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Primer: Arthur de Gobineau and the Orient January 8, 2009

Posted by Christopher Donohue in EWP Primer, History of the Human Sciences.
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Arthur de Gobineau (July 14, 1816 — October 13, 1882) was born into a family of lesser nobility and forced to make his living in Paris at nineteen years of age.  In 1843, having some minor successes as a novelist and as a serial author, de Gobineau met Alexis de Tocqueville.  In 1849, when de Tocqueville was named Minister of Foreign Affairs, de Gobineau was introduced to a diplomatic circuit from which he never departed. De Gobineau was successively posted to Persia from 1855-1858 and 1861-1863, Brazil, and finally Stockholm, from 1872-1877.  De Gobineau was well known for his rightist politics and considered it a great irony that he had been born on Bastille Day.  He styled himself the sole remaining descendant of an ancient Norman family.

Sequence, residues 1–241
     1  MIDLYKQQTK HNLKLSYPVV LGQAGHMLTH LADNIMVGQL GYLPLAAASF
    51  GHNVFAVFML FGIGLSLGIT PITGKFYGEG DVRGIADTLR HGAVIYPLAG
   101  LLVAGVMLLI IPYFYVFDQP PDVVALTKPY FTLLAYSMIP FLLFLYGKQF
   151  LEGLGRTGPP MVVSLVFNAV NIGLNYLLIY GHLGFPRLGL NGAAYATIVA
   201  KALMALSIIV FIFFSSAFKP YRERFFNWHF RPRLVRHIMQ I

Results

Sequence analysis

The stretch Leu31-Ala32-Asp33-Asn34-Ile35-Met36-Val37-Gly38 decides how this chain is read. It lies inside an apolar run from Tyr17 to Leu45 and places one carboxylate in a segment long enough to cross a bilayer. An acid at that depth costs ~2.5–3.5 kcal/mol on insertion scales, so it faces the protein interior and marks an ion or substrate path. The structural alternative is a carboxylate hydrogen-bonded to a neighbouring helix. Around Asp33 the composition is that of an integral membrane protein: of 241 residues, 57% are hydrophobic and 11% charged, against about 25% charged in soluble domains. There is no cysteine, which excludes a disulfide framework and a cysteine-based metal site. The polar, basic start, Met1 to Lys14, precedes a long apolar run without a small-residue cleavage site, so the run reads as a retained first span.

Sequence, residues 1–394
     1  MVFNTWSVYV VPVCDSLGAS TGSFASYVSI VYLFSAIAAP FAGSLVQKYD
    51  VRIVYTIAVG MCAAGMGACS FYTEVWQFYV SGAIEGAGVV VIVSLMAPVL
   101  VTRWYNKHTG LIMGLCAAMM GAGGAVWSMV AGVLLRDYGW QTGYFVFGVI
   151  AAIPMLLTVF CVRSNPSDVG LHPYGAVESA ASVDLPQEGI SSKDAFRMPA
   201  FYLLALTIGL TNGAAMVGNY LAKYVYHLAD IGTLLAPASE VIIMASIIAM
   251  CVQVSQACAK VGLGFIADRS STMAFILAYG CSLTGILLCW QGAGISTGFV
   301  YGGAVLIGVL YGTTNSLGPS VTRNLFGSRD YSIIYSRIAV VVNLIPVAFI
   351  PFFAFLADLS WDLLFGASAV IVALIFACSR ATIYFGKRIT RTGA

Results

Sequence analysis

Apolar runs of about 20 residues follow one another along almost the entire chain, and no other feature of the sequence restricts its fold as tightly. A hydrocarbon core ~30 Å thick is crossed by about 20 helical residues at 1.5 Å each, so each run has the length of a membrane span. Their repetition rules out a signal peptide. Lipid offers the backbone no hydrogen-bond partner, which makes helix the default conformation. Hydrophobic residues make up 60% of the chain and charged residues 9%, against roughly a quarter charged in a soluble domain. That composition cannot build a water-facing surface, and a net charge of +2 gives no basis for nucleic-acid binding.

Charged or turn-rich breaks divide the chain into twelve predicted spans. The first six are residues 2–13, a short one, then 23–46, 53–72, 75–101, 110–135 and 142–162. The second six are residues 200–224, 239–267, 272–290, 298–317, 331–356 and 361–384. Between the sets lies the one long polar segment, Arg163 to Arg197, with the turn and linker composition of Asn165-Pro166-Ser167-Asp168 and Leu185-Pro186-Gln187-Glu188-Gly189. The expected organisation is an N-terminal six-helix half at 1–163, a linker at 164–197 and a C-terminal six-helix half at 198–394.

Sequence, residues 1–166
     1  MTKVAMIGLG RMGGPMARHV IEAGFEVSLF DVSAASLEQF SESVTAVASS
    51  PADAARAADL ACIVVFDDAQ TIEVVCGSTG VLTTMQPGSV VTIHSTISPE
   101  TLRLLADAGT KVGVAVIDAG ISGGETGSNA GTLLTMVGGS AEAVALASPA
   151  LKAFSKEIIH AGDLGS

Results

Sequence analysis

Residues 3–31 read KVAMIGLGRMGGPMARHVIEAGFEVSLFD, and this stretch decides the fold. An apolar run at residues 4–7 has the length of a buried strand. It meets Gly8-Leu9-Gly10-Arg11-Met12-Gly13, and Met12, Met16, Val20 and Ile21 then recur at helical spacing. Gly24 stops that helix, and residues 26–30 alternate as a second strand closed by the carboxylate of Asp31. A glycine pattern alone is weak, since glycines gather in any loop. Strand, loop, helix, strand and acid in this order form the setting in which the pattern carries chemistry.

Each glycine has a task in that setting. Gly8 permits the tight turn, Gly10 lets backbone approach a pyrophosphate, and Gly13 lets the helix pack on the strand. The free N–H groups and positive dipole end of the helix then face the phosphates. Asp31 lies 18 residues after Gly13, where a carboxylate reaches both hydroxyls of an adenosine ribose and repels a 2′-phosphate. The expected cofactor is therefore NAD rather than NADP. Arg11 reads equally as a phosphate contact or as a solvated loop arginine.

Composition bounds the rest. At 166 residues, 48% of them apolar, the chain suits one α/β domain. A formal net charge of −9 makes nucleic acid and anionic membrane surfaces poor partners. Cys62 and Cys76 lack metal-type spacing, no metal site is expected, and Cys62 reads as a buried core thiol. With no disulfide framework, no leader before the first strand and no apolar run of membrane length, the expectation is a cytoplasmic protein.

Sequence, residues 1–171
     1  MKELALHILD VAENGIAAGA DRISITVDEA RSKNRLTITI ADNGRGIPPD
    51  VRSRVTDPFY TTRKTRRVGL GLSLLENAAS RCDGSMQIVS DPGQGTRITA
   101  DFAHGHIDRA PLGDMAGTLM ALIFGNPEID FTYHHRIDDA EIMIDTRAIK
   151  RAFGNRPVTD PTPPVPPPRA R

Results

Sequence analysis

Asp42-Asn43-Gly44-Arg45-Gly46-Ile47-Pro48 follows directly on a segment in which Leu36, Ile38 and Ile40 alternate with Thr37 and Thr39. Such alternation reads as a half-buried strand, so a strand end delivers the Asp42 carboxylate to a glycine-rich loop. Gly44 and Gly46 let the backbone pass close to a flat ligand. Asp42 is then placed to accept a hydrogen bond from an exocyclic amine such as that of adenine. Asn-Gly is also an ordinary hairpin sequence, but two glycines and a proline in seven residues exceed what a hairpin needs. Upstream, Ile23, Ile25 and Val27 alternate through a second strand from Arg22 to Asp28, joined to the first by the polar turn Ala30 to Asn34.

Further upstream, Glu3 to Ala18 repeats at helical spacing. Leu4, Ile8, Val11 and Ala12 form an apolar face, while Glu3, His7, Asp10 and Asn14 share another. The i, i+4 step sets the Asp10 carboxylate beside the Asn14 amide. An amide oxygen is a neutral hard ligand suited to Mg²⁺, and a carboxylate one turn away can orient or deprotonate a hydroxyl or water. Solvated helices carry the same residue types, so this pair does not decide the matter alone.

It was fortuitous that de Gobineau traveled to Paris in the 1840s. As Arthur Herman in his fine The Idea of Decline in Western History notes, “Ever since scholars had accompanied Napoleon on his conquest of Egypt in 1798 and the linguist Jean-Francois Champollion had deciphered the Rosetta stone in (more…)